In Georgia, there are two types of Family Violence Protection Orders:
- Temporary Ex Parte Orders
- Family Violence Protection Orders
A Temporary Ex Parte Order is designed to protect you until the court hearing you must have for a Family Violence Protection Order. You can receive a temporary order without a court hearing, and without your abuser’s knowledge. ("Ex parte" means without your abuser present).
A judge will grant the temporary order only if she or he believes that you are in immediate danger. Temporary orders last up to 30 days, or until your court hearing if it is being heard in another county in the same circuit. They can be extended beyond 30 days by agreement with both parties. This is called a consent order.
A Family Violence Protection Order can be issued after a court hearing in which you and the abuser both have a chance to tell your sides of the story. Family Violence Protection Orders last up to one year, but can be extended for up to three years, or permanently.
In general, if a family or household member hurts you or tries to hurt you (with or without using a weapon) or gives you reason to believe that they are going to hurt you in the near future, that person has committed an act of family violence. For the purposes of getting a protective order, you must have a specific relationship with your abuser.
This type of behavior is illegal, and there are laws to protect you.
"Family violence" includes:
- Hitting, kicking, pushing, slapping
- Criminal damage to property
- Restraint against your will
- Criminal trespass
- Unwanted touching, forcing you to take part in sexual acts against your will
- Threats of violence
- Other felonies
Family violence does not include "reasonable discipline" by a parent to a child in corporal punishment, restraint or detention.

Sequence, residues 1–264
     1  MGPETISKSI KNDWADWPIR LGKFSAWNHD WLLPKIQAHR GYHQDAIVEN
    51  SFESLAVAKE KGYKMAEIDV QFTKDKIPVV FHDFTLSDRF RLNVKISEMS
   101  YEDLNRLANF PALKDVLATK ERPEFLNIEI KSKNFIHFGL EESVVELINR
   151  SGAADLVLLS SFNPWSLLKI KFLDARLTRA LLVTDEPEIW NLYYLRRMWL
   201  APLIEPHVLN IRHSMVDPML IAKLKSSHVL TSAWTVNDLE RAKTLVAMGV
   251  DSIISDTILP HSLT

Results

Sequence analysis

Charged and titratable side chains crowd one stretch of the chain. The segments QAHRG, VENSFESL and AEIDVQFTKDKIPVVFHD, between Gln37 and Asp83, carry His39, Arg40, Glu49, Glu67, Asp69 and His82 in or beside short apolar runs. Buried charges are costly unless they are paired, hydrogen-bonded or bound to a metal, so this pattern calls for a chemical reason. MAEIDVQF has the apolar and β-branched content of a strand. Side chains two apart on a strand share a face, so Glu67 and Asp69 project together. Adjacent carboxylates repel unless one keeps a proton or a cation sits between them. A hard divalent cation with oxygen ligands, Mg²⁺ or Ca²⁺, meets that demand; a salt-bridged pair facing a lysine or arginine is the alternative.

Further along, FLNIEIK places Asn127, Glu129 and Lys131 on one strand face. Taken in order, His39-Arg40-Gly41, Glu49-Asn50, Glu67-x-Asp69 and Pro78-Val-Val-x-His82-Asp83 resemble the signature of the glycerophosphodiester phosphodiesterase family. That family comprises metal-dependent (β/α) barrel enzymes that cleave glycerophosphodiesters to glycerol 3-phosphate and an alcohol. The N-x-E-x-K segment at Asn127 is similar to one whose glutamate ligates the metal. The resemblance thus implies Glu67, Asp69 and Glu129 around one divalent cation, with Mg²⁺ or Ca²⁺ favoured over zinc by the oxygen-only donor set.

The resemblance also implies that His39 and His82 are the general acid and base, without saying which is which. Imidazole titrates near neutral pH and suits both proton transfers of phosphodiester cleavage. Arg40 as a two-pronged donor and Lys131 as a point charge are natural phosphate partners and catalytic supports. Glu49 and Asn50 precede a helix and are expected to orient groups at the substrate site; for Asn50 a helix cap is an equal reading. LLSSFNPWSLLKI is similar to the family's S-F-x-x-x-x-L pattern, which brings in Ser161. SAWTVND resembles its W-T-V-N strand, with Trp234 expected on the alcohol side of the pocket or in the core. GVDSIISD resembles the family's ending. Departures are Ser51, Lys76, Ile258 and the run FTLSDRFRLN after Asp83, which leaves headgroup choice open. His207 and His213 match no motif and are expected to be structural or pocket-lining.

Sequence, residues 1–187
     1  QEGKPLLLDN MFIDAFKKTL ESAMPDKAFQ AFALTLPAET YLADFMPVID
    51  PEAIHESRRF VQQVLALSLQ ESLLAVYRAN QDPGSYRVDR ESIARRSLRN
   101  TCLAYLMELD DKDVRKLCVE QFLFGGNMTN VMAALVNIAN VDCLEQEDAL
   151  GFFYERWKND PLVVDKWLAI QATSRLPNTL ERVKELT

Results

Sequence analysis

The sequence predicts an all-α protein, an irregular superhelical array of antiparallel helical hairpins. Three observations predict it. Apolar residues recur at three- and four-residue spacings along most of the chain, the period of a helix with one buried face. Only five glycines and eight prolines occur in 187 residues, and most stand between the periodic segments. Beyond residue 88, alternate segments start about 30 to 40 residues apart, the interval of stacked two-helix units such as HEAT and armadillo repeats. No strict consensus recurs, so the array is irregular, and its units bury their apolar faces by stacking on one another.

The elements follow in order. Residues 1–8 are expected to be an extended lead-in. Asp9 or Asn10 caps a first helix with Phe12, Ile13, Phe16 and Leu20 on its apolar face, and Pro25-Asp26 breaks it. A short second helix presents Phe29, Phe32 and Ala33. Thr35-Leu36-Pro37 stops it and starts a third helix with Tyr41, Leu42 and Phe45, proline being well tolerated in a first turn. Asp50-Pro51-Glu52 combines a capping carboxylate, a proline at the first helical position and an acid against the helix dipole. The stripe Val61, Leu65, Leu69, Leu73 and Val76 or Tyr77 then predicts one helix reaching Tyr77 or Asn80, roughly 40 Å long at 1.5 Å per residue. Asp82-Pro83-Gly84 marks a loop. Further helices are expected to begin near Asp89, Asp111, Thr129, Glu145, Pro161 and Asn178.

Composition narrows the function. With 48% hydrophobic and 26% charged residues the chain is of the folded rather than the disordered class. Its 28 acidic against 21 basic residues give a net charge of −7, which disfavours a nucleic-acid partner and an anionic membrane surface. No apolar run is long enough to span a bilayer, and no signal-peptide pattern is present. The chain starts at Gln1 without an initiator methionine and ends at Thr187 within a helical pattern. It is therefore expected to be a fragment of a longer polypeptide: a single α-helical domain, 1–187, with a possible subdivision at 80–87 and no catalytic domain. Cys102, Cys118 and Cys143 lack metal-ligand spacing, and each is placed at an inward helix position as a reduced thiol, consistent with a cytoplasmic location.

The legal system is divided into two areas: civil law and criminal law. Superior courts and State courts usually administrate these two areas of the law in different court sessions.
Civil law covers disputes between two people. In a civil domestic violence action, you are asking the court to protect you from the person abusing you. You are not asking the court to punish that person for committing a crime. The protective orders discussed on this page are handled in civil court.
The criminal law system handles all cases that involve violations of criminal law such as harassment, assault, murder, theft, etc. A criminal complaint involves charging your abuser with a crime. If criminal charges are filed, the case will be in the hands of the prosecutor.
You may want to pursue both civil and criminal action against your abuser.
For many people going through a divorce their biggest asset is their home or in legal speak, the marital residence. Deciding what to do about the marital residence is often a major issue in a divorce. There are a few different options when it comes to splitting the marital residence.
One option is for one spouse to keep the house and buy out the other spouse’s share. Another option is for one spouse to be granted exclusive use for a specified period of time, usually when the youngest child turns 18, after which the house will be sold. Finally, the house can be sold outright with the profits being allocated to each spouse.
Should you sell your house? Hard as it may be this is a decision that needs to be made devoid of emotions. As a practical matter take into consideration whether or not it is financially beneficial to keep the home. If not and you do decide to sell here are a few tips to help you through the process.
Time is money: Put your home on the market as far in advance as possible of purchasing a new one. Remember that when people buy and sell a home there usually is a domino effect. Closing and moving dates have to be coordinated, and the more firmly everyone commits to a window of dates and sticks to them, the better for all involved. Put all agreements about dates in writing, and protect yourself by negotiating financial penalties for failure to live up to the agreement.
Is a father who never married the mother still required to pay child support?
The short answer to this question is yes. When a mother is not married, however, there can sometimes be confusion about who the child’s legal father is for purposes of support. An "acknowledged father" is any biological father of a child born to unmarried parents for whom paternity has been established by either the admission of the father or the agreement of the parents. Acknowledged fathers are required to pay child support. Additionally, a man who never married the child’s mother may be presumed to be the father if he welcomes the child into his home and openly holds the child out as his own.